→ [Map Poland linguistic 1937]

Demographic terms were also difficult: the Poles claimed to be a state nation, but every third citizen was not a Pole: there were 3.7 million Ukrainians, 2.7 million Jews, 2 million Belarusians and 2 million. German. Half of the Germans emigrated to Germany by 1923 because of the discrimination. The remaining million viewed the Polish state as a temporary measure and did not identify with it.

Conversely, the Polish state felt threatened by the “traitorous” Germans and the “disloyal” Ukrainians, but also by the Jews who were associated with Bolshevism. In the first few years the Polish state did little to integrate the non-Polish population into a common state nation, but rather practiced what the Poles had learned from the Prussian Germanization policy, only now in the opposite direction. The Polish state was perceived as repressive not only by the Germans, but also by the Ukrainians, Belarusians and Jews. In particular, the relationship between Ukrainians and Poles was marked to a high degree by violence.

For the crisis of democracy, however, it was not so much the nationality problems as the economic, social and domestic political problems that were decisive. Overall, Poland was still predominantly agricultural. Only four percent of the population worked in industry. Agriculture, in turn, was dominated by unprofitable small businesses. A land reform was, however, hotly disputed domestically, just as there was a deep rift between the left and the right. The left was embodied by the founder of the state Piłsudski, the right by his national-democratic opponent Dmowski. In 1923, Piłsudski, until then Chief of the General Staff and Chairman of the War Council, was ousted by a center-right government. As a private citizen, he used his great authority in the population to rail against the National Democrats and generally against the entire “sejmocratic system”, as he called it, which he branded as the embodiment of corruption, incompetence, division and inefficiency.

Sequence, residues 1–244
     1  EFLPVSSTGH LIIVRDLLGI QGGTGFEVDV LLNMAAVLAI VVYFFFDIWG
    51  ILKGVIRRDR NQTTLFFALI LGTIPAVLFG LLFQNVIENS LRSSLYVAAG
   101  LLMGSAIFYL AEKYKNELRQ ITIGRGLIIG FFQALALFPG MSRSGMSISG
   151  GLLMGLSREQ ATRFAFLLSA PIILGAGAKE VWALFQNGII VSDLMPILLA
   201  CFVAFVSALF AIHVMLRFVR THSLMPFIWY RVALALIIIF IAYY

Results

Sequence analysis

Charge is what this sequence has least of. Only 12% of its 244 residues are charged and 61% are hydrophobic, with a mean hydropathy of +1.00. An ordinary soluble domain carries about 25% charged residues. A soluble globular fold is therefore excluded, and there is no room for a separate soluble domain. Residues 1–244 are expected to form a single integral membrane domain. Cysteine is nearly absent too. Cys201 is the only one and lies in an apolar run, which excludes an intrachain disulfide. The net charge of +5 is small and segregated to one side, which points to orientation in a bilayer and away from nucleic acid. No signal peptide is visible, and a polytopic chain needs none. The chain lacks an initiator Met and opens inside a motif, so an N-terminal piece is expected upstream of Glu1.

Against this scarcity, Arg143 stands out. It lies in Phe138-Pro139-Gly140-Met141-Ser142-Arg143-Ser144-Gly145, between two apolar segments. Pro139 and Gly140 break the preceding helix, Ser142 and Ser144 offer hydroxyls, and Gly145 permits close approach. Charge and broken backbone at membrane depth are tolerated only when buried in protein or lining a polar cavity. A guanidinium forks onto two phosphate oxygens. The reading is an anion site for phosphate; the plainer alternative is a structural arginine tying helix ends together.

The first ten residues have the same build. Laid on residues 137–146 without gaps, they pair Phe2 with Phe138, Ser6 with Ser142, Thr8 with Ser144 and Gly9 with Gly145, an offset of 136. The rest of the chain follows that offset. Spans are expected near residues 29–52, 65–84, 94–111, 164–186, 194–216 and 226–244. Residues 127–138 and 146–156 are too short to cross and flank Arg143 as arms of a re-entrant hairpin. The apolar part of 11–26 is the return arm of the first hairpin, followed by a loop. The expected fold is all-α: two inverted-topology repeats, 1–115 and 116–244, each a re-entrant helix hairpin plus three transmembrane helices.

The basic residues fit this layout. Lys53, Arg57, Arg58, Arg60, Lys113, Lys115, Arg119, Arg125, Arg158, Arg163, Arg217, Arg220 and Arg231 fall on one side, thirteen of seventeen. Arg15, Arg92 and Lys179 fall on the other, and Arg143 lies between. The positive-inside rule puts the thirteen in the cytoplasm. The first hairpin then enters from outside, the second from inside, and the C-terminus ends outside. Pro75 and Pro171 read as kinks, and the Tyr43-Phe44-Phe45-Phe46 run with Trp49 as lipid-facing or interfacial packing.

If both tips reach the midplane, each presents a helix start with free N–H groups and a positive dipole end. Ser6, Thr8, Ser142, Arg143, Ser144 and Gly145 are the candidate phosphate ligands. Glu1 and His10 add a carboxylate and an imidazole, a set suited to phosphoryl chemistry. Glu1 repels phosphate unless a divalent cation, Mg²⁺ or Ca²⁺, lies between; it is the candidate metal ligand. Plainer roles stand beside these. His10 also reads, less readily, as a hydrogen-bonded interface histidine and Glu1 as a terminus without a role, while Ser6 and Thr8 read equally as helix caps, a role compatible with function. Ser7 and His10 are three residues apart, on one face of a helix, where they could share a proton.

The country's political turmoil was reflected in 18 parties competing in the elections and 31 cabinets in office between 1918 and 1939. In 1923 the country was hit by hyperinflation, the state finances were desolate and the unions announced a general strike. The government declared a state of emergency and bloody clashes broke out between striking workers, the police and the military.